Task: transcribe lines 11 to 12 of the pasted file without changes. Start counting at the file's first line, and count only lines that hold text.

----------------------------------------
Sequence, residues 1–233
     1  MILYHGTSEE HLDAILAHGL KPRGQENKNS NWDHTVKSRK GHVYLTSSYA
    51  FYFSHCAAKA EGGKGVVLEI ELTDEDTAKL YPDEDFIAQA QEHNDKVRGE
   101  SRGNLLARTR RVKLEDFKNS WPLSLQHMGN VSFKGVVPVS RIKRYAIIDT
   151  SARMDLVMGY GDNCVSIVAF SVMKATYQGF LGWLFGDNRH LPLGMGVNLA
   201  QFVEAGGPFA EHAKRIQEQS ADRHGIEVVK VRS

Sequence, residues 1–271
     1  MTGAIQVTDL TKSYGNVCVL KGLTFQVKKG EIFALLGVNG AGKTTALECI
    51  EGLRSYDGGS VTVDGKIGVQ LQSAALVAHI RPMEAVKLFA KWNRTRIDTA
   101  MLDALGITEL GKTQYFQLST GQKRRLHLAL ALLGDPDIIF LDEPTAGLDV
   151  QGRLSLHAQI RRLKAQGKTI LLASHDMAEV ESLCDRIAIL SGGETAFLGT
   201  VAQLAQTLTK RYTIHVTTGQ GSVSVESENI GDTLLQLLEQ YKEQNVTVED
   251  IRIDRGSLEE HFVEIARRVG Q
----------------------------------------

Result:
   151  QGRLSLHAQI RRLKAQGKTI LLASHDMAEV ESLCDRIAIL SGGETAFLGT
   201  VAQLAQTLTK RYTIHVTTGQ GSVSVESENI GDTLLQLLEQ YKEQNVTVED